Depending on the spin of the intermediate state, a different number of transition frequencies show up. For 5/2 spin, 3 transition frequencies can be observed with the ratio ω1+ω2=ω3. As a rule, a different combination of 3 frequencies can be observed for each associated site in the unit cell.
PAC is a statistical method: Each radioactive probe atom sits in its own environment. In crystals, due to the high regularity of the arrangement of the atoms or ions, the environments are identical or very similar, so that probes on identical lattice sites experience the same hyperfine field or magnetic field, which then becomes measurable in a PAC spectrum. On the other hand, for probes in very different environments, such as in amorphous materials, a broad frequency distribution or no is usually observed and the PAC spectrum appears flat, without frequency response. With single crystals, depending on the orientation of the crystal to the detectors, certain transition frequencies can be reduced or extinct, as can be seen in the example of the PAC spectrum of zinc oxide (ZnO).
In the typical PAC spectrometer, a setup of four 90° and 180° planar arrayed detectors or six octahedral arrayed detectors are placed around the radioactive source sample. The detectors used are scintillation crystals of BaF2 or NaI. For modern instruments today mainly LaBr3:Ce or CeBr3 are used. Photomultipliers convert the weak flashes of light into electrical signals generated in the scintillator by gamma radiation. In classical instruments these signals are amplified and processed in logical AND/OR circuits in combination with time windows the different detector combinations (for 4 detectors: 12, 13, 14, 21, 23, 24, 31, 32, 34, 41, 42, 43) assigned and counted. Modern digital spectrometers use digitizer cards that directly use the signal and convert it into energy and time values and store them on hard drives. These are then searched by software for coincidences. Whereas in classical instruments, "windows" limiting the respective γ-energies must be set before processing, this is not necessary for the digital PAC during the recording of the measurement. The analysis only takes place in the second step. In the case of probes with complex cascades, this makes it makes it possible to perform a data optimization or to evaluate several cascades in parallel, as well as measuríng different probes simultaneously. The resulting data volumes can be between 60 and 300 GB per measurement.
As materials for the investigation (samples) are in principle all materials that can be solid and liquid. Depending on the question and the purpose of the investigation, certain framework conditions arise. For the observation of clear perturbation frequencies it is necessary, due to the statistical method, that a certain proportion of the probe atoms are in a similar environment and e.g. experiences the same electric field gradient. Furthermore, during the time window between the start and stop, or approximately 5 half-lives of the intermediate state, the direction of the electric field gradient must not change. In liquids, therefore, no interference frequency can be measured as a result of the frequent collisions, unless the probe is complexed in large molecules, such as in proteins. The samples with proteins or peptides are usually frozen to improve the measurement.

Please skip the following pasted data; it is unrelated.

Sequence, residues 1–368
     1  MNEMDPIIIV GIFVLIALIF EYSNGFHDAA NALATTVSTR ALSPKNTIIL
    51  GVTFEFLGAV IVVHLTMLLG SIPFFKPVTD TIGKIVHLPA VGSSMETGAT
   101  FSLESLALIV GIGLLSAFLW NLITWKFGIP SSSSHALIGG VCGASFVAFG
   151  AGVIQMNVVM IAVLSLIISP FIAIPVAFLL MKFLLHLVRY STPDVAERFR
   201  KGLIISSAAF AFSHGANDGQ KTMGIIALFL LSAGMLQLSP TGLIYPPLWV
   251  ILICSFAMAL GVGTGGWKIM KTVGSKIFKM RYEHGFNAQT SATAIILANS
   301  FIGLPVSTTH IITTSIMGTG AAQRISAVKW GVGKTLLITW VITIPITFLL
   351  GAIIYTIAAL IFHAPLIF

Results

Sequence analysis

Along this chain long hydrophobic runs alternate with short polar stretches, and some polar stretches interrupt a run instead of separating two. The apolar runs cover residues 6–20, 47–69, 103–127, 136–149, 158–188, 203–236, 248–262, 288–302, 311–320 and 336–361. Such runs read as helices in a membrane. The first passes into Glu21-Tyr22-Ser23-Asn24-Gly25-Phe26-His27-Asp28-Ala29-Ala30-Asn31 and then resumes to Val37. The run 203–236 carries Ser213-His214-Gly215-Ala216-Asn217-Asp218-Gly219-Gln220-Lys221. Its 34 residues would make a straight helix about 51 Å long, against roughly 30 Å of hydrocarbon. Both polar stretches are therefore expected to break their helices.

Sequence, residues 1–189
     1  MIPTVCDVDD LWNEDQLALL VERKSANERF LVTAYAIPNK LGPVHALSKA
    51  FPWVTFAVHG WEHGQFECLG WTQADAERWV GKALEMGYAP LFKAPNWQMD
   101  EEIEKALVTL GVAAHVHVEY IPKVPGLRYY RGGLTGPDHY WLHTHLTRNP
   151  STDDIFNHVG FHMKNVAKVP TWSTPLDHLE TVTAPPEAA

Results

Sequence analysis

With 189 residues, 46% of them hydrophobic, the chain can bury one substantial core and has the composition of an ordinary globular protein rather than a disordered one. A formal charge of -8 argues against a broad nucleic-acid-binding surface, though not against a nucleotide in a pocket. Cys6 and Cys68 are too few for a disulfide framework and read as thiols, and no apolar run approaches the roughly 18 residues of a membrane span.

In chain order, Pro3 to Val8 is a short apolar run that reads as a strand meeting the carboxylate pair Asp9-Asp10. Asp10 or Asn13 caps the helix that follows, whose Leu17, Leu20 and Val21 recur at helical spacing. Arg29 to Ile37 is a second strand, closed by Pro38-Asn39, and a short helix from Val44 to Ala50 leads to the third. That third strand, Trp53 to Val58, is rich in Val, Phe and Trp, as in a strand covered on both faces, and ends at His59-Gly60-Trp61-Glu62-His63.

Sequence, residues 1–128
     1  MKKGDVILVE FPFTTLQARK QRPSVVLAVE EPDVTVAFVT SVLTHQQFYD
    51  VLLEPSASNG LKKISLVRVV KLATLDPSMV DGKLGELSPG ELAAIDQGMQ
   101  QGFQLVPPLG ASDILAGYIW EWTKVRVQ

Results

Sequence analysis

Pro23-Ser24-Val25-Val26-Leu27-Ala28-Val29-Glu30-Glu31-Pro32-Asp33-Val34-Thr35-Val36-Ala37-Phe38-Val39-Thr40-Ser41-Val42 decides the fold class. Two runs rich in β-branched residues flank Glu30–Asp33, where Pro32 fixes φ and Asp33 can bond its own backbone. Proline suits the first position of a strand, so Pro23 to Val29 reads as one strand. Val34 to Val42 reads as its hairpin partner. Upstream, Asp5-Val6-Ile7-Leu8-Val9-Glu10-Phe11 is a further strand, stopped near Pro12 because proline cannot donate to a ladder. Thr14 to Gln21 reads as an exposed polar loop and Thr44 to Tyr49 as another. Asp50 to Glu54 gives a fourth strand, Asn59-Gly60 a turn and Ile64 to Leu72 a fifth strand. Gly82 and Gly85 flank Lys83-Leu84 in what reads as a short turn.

The most studied materials with PAC are solids such as semiconductors, metals, insulators, and various types of functional materials. For the investigations, these are usually crystalline. Amorphous materials do not have highly ordered structures. However, they have close proximity, which can be seen in PAC spectroscopy as a broad distribution of frequencies. Nano-materials have a crystalline core and a shell that has a rather amorphous structure. This is called core-shell model. The smaller the nanoparticle becomes, the larger the volume fraction of this amorphous portion becomes. In PAC measurements, this is shown by the decrease of the crystalline frequency component in a reduction of the amplitude (attenuation).
The amount of suitable PAC isotopes required for a measurement is between about 10 to 1000 billion atoms (1010-1012). The right amount depends on the particular properties of the isotope. 10 billion atoms are a very small amount of substance. For comparison, one mol contains about 6.22x1023 particles. 1012 atoms in one cubic centimeter of beryllium give a concentration of about 8 nmol/L (nanomol=10−9 mol). The radioactive samples each have an activity of 0.1-5 MBq, which is in the order of the exemption limit for the respective isotope.
How the PAC isotopes are brought into the sample to be examined is up to the experimenter and the technical possibilities. The following methods are usual: